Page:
I feel like this summer I've been testing the limits of how far the title of a slasher movie title goes in terms of making the film interesting. Where Mountaintop Motel Massacre and Slashdance have awesome titles that immediately go bust, Phantom of the Mall: Eric's Revenge and Psychos in Love are only improved by their wacky monikers. Amsterdamned is probably the best title yet, so it'll have to be the cornerstone of whatever thesis I can prepare at the end of this. Let's see if it lives up to that promise...

So far so good.

In Amsterdamned, the canals of Amsterdam are being stalked by a maniac in a scuba suit who drags people into the water, never to be seen again except as scraps of bloody chum dredged up the next morning. It's up to detective/single father Eric Visser (Huub Stapel) to discover the killer's identity and capture him, under mounting pressure from the tourism-obsessed Jaws mayor. During the course of his investigation, he meets and falls in love with (or at least into bed with) sexy scuba student Laura (Monique van de Ven) and rebuilds a bridge with his old friend John (Wim Zomer), a member of the River Police force.

All while wearing sunglasses and a rad leather jacket.

I have seen my fair share of European slashers for this project, but the bulk of them hail from Italy, which has a very strong national cinematic identity of stylish, black-gloved slashing and incomprehensible murder mystery plots. But that title isn't just for fun. Amsterdamned hails straight from the Netherlands, and is certainly the first Dutch slasher I've ever come across. It's similar to an Italian giallo in certain ways, but the differences in culture and presentation are extreme and delightful.

For one thing, the film is an extremely effective tourism ad for Amsterdam (which, upon reflection, might not mean it's a terribly scary horror movie), highlighting its beautiful canals, bridges, and restaurants inside windmills with loving caresses every chance it gets. And with the culture being so inherently tied with the water, it only makes sense that that's the arena the killer would be able to do the most damage. It's the Amsterdam version of the guy who hides under cars in the mall parking lot to slash your ankles. The other major difference from an Italian giallo is the wacky joie de vivre that's ever-present in the film's atmosphere, from the komedy kop who tags along with Visser, dropping everything he ever touches and tripping over his own feet, to the bizarre subplot involving Visser's daughter Anneke (Tatum Dagelet) and her schoolmate Willy (Edwin Bakker), who is a straight-up psychic who can detect the killer's whereabouts. This plot line is given as much credibility as the romantic subplot, as if this were just a thing that happens in Amsterdam every other day.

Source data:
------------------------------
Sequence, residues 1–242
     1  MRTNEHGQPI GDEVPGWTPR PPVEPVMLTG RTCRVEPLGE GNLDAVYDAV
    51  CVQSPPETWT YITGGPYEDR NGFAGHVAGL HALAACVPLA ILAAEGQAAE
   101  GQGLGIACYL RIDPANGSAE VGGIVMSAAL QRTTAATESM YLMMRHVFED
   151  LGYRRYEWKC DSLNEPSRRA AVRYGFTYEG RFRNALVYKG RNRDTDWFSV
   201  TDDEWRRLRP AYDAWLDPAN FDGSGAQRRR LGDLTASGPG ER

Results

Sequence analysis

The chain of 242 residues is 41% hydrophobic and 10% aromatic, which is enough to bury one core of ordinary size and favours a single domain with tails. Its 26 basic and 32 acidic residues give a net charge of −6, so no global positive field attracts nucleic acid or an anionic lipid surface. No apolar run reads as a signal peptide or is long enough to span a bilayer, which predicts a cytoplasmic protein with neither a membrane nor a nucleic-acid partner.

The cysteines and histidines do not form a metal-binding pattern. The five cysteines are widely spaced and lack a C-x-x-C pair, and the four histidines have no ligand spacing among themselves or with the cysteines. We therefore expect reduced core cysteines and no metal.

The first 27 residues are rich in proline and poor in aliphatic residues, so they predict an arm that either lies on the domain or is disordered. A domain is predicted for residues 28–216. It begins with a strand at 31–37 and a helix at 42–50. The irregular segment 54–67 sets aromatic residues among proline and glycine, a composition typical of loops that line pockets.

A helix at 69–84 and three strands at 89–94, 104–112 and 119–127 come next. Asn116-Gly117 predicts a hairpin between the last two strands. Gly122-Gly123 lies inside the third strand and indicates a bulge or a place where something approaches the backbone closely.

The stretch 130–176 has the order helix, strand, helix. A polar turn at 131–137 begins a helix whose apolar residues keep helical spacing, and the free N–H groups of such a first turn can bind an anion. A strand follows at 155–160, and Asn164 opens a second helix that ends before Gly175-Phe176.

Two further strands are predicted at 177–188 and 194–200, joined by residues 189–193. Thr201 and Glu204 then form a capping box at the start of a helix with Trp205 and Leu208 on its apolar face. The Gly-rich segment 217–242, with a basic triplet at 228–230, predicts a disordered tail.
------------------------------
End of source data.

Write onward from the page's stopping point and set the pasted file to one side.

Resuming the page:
All of this interplays with some pretty brutal horror elements, all things considered. An autopsy sequence which reveals that the killer stabbed his victim with such force that the tip of the knife literally broke off inside her will send chills up your spine. It's not particularly gory (a huge minus for me: the killer's scuba outfit is a great iconic costume, but his M.O. of dragging people into the water and killing them offscreen neuters some of its potential as a slasher rather than a police procedural), but certain moments of implications are just as rough.

Especially this scene, where she's hanging onto a banister that literally begins to break apart because of how strong the killer is pulling on her ankle.

Also living up to the European standard for horror, Dick Maas crafts some truly indelible images here. The discovery of the first body, where a woman's corpse hanging from a bridge slides across the top of a glass-ceilinged boat full of children and drops down through a skylight wouldn't be out of place in an Argento masterpiece, and a moment where the killer's eye mask is shot, instantly turning his already unreadable face into a web of cracks and shattered glass, is unspeakably beautiful.

So there really is a lot to like in Amsterdamned, and maybe I'm being a baby for growing increasingly weary of it thanks to its run time that brushes dangerously close to two hours. If you're not going to deliver on the gore, you at least need to have a murder mystery plot that keeps you guessing, which this film patently does not. You will never guess the exact nature of the killer because - guess what - it's a character we've never met before (my favorite outcome of a mystery! so satisfying!), but the twists and turns the movie takes along the way are as predictable as an episode of Law and Order.